Rinai says she can see many positive changes happening in the Penan community, thanks to the infrastructure development and various assistance provided by the government.

“As a parent, I always remind other parents to prioritise their children’s education, and ensure that they attend school.

“Sometimes, children may be reluctant to go to school, but our responsibility is to instil in them the passion for learning, and encourage them to persevere.”

Never too old to learn

Fellow villager Betty Ugat has never felt ashamed of attending the Kedap class.

She feels that the programme is great because it allows people like her, who never went to school, to learn counting, recognising letters, and gaining some basic life skills.

“There are also other friends my age who say it’s a bit too late to learn.

“I have to disagree. This Kedap class is a golden opportunity to improve myself,” says the 39-year-old.

Betty regards the adult literacy class as ‘essential for self-development’.

Nonetheless, she admits that it was difficult when she started, seeing that she never attended school before.

“I never gave up.

“Right now, I know my ABCs and can count from 1 to 100,” she smiles.

“When my grandchildren ask me about their studies, at least I know enough to guide them.

“If I didn’t attend the Kedap class, I wouldn’t understand or know their progress.”

Just like Rinai, Betty regards the class for adults as ‘essential for self-development’.

“Adult education is essential for our growth and development. We should study together, regardless of our age. This is for our benefit, and also for building a brighter future for our next generation.”

Betty says apart from learning to read, count and write, she and her classmates are also learning other life skills such as handicrafts-making, gardening and farming.

Challenging task

Atika says that handling an adult class is not an easy feat, as these parents are like kindergarteners.

“When they first came in, they’re all like blank slates.”

“They’re very enthusiastic, but at times, they got distracted. Many times, I had to repeat myself – sometimes up to 20 times.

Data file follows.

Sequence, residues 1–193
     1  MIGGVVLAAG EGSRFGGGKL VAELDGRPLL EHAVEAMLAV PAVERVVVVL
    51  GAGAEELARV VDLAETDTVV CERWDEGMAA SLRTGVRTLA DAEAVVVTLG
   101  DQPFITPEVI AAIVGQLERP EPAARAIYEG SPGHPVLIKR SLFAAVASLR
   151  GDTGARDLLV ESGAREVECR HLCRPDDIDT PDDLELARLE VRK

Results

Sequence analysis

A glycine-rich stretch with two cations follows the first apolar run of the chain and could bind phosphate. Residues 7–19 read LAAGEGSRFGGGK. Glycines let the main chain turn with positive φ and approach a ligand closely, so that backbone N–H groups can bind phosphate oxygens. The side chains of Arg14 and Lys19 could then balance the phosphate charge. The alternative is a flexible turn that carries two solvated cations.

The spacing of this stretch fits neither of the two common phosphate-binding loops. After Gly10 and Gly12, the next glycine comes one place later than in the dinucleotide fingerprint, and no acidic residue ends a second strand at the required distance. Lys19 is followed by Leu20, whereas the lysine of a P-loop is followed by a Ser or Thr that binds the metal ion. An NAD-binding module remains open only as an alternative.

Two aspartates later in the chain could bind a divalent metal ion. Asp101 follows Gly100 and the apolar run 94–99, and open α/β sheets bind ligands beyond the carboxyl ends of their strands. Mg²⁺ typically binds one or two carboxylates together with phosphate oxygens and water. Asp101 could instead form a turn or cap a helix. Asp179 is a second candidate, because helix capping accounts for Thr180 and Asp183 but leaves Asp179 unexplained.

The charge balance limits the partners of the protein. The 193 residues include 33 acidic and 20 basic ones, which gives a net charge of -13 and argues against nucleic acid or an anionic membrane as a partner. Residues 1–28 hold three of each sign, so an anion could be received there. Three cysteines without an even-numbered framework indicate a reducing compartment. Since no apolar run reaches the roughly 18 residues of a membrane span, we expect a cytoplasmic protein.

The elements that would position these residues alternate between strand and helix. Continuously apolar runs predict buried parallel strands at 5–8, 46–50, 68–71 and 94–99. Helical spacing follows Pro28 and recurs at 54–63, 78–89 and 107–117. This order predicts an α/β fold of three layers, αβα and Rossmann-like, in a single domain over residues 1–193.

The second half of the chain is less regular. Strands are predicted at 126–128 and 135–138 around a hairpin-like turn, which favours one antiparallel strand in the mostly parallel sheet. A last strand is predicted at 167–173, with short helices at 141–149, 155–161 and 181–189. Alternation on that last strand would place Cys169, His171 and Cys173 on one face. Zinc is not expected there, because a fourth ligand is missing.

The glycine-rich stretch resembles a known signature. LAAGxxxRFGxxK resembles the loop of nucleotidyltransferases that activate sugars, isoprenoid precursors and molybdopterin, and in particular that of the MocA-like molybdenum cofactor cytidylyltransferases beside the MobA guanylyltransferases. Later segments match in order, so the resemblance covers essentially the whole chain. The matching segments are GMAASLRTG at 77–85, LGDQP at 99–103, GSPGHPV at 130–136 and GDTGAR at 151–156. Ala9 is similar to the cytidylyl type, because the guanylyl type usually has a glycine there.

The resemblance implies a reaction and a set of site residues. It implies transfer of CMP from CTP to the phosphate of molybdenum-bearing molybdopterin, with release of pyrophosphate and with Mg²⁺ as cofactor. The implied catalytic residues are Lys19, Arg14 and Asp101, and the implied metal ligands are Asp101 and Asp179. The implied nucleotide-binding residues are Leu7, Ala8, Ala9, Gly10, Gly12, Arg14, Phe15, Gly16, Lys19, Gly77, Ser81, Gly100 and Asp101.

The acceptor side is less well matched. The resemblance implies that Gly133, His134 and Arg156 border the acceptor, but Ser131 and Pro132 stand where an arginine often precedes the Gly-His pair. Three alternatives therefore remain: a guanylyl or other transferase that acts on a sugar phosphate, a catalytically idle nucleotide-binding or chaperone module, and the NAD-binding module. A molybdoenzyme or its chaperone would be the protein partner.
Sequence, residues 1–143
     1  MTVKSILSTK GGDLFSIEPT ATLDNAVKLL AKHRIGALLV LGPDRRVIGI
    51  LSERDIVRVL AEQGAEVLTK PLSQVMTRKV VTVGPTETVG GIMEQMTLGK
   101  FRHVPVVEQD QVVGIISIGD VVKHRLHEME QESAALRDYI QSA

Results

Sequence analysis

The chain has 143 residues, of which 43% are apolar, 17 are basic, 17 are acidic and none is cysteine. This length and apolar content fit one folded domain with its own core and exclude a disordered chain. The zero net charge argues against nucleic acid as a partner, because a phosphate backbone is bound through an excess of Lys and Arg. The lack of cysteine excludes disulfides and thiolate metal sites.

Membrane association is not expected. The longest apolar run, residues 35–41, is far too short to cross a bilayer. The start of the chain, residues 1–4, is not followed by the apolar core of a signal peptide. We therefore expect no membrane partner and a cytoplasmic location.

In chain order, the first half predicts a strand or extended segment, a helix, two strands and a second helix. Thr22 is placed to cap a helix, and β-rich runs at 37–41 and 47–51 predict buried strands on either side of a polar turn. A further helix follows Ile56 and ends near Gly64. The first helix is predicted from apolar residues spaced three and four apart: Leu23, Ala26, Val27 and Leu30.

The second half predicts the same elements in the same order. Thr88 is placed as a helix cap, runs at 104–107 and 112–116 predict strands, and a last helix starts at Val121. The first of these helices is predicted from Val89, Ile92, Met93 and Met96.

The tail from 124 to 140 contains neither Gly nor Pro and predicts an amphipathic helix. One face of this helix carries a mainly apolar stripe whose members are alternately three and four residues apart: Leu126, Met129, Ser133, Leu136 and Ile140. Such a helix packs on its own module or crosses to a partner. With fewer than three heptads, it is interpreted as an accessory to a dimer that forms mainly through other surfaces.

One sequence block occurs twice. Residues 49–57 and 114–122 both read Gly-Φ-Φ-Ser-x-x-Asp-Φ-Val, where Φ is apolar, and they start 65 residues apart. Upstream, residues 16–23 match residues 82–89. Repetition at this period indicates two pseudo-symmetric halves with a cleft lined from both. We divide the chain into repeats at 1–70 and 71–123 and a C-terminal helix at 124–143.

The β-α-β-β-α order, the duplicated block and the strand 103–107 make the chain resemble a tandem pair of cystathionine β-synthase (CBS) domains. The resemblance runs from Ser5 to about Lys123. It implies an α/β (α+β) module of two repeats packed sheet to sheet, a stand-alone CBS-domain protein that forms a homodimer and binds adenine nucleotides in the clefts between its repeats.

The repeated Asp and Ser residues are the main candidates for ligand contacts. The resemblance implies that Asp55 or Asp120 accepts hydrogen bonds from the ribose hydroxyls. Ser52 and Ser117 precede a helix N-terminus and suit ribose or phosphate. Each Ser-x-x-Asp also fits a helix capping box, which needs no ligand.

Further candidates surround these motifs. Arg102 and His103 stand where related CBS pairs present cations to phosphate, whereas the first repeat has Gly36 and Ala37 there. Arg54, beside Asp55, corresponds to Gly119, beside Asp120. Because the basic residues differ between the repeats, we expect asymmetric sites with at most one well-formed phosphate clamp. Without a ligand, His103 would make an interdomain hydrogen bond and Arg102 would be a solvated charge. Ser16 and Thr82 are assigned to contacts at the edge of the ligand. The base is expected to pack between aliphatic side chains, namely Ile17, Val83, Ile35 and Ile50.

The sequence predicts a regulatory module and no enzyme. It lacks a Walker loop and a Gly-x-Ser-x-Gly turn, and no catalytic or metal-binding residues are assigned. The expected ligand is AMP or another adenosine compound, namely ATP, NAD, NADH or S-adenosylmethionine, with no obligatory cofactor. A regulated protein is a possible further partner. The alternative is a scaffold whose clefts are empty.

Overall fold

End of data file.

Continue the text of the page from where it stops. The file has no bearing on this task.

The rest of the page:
“Still, I’m so happy to see the mothers continuing to study very hard.”

Atika (standing, left) and her assistant with the seven Penan parents who are undergoing the Kedap 3.0 adult literacy programme at Tadika Sedidik Long Jenalong.

Atika is grateful to Sedidik for establishing this programme as means to support the Penan parents in Kampung Long Jenalong and Kampung Long Latei, in helping them gain knowledge – starting with literacy.

“Education is a powerful tool that can transform the lives of our children and parents.

“When the parents learn, they gain the knowledge and insights that they need to better understand and support their children’s education.

“They also develop a deeper appreciation for education, and its positive impact on their lives, their families and the community.”

For Atika, as a teacher she strives to add creativity to her teaching sessions so as to continue encouraging and motivating her ‘students’.

One way she does this is by finding as much information as possible from the Internet and applying them to her class.

“Children spend more time with their parents than with anyone else.

“Therefore, parents need to be educated, for them to change their mindset and view education as a valuable investment, rather than taking it for granted, like those before them had done in the past,” says Atika.